Susan Hill is a sensitive and spiritual writer but never a sentimental one. She gives the reader her subtle response to the country scene and its inhabitants, and also allows us to inspect her vegetable patch and her larder.She gets tremendous satisfaction out of raising her own veg - she's positively lyrical about celeriac - but is half-hearted about growing flowers unless they 'earn their living'. She's fond of making chutney, pickled plums, damson cheese and eldflower ice-cream, but draws the line at wine-making. For me, these details, gardening tips and old-fashioned country recipes are fascinating.
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10 of 10 people found the following review helpful By A Customer on 22 Aug. 2001
Format: Paperback
This book (and one by Mary Taylor Simetti) is my default reading, when more sophisticated pleasures can't entice me. Beautifully written, this book is almost an elegy to English country living. It provides me - a Californian - with the vicarious feeling that I too am living in Moon Cottage in Barley. Hill provides recipes, observations, descriptions of people, surroundings, and customs of her village, perhaps as bulwark against the encroaching tide of modern life. She finds much to value in living in the "country" and there is much to value in this beautiful book.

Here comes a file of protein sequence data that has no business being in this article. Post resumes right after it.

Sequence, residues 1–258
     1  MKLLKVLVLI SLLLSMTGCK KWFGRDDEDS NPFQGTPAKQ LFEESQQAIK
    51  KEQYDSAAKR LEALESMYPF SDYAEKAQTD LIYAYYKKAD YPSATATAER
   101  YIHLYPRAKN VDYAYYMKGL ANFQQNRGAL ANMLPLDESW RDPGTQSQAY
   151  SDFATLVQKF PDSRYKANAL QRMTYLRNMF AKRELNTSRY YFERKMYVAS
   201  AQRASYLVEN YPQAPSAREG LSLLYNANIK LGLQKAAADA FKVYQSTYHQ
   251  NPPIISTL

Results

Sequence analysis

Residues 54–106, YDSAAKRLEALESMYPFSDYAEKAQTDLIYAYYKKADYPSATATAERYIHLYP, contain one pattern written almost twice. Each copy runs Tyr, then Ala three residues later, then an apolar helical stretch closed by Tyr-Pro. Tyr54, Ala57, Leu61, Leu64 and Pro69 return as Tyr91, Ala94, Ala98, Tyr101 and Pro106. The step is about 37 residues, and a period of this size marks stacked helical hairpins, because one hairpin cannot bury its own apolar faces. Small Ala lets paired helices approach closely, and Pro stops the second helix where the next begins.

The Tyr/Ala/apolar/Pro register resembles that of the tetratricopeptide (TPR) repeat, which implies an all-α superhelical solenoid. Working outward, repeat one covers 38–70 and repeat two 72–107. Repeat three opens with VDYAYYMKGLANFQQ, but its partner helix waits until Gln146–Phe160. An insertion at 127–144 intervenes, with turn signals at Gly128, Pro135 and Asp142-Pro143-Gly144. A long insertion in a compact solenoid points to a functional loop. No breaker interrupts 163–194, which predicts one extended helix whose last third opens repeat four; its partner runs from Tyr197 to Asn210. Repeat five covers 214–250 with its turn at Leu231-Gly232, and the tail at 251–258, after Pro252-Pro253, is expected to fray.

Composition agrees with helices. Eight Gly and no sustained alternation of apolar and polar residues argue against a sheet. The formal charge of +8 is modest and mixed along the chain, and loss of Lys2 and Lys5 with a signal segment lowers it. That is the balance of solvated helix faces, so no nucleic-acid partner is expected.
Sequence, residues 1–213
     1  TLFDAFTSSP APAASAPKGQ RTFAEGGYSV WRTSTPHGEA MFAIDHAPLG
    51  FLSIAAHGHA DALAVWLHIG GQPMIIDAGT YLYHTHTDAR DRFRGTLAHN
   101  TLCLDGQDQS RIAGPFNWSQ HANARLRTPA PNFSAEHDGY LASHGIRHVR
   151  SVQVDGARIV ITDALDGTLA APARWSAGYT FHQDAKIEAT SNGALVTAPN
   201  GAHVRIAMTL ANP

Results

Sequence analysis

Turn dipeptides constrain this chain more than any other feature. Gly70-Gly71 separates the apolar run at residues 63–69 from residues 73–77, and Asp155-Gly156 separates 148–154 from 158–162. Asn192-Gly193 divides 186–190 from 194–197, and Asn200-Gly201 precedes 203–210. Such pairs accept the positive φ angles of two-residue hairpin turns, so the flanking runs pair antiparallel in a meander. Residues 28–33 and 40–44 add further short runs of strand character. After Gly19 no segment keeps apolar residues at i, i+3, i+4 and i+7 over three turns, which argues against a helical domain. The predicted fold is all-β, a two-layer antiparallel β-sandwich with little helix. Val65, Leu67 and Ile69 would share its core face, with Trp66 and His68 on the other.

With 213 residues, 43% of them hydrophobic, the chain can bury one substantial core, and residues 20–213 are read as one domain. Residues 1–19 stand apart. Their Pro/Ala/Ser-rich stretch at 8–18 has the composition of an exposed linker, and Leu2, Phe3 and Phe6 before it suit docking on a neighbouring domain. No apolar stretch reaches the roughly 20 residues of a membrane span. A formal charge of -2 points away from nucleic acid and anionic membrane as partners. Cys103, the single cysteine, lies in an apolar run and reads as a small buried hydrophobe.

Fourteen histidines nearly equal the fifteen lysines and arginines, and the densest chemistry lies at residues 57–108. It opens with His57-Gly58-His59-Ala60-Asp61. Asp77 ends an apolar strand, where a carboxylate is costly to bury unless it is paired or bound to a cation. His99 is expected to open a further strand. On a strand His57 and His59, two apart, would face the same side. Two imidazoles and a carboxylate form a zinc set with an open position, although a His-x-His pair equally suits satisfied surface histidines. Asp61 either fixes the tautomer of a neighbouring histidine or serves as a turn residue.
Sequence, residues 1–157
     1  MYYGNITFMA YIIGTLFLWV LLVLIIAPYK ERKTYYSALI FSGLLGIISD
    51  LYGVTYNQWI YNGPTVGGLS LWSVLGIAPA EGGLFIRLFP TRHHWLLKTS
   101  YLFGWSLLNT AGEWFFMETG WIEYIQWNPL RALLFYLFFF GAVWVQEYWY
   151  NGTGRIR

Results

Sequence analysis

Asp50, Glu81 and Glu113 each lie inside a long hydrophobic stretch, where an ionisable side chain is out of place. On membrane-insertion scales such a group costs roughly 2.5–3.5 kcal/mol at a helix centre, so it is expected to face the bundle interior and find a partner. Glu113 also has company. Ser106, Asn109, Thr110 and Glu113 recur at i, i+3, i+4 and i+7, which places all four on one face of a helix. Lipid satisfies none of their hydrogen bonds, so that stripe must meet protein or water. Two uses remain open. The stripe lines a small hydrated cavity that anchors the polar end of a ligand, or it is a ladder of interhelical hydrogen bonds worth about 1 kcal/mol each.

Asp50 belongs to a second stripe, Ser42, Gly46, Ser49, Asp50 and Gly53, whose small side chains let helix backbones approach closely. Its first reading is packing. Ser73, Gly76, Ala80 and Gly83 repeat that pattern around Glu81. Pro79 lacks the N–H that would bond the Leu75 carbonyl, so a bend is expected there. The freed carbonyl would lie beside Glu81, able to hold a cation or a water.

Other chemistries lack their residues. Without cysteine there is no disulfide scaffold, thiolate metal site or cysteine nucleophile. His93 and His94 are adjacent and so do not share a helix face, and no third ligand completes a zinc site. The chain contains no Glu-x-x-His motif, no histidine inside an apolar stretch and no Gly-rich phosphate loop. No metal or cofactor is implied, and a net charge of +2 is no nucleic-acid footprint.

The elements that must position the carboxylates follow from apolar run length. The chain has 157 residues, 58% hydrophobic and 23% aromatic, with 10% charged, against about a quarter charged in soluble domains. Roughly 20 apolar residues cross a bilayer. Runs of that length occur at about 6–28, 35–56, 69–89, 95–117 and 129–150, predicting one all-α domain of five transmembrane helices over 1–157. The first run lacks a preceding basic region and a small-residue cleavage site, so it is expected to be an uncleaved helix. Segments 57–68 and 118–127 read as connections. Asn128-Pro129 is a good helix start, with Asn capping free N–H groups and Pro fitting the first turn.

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19 of 20 people found the following review helpful By A Customer on 2 Dec. 2001
Format: Hardcover
Susan Hill's study of the British countryside and the seasons of the year is wonderful. Reading it for the first time in the middle of a long winter a few years ago made me feel lucky to live here - despite the dark nights and the cold. Autumn has always been my favourite time of the year but the authors description of her life in the countryside made me look afresh at all seasons and gave me the urge to get out and about to enjoy.
Susan Hill's descriptions of the countryside and country people are strongly reminiscent of Hardy and this book was an introduction to a wonderful author. If you like this you must try her other work - which is generally deeper and darker but just as beautiful.
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1 of 1 people found the following review helpful By Gerry Shawcroft on 12 Oct. 2014
Format: Kindle Edition
Oh to live in the Moon Cottage, Barley, which Hill describes, along with all the simple pleasures which she so vividly details as they appeal to the senses. Despite the rawness of country life through the English winter and the smells, some delightful, some not, Susan Hill's departure from fiction to fact in this book is a welcome breath of fresh air; for it frees from the encroachment of rapidly moving and hard-edged urban life just when one may have had enough of the latter.

'Escape to the country' might be an expression upon the lips of more and more of us as we come under the strain of the city, despite the obvious advantages of city or suburbia, but in The Magic Apple Tree I thought that the 'escape' clause was so much more than a platitude, it was an escape from modernity; an immersion in the simple but universal beauty of the four seasons in the countryside.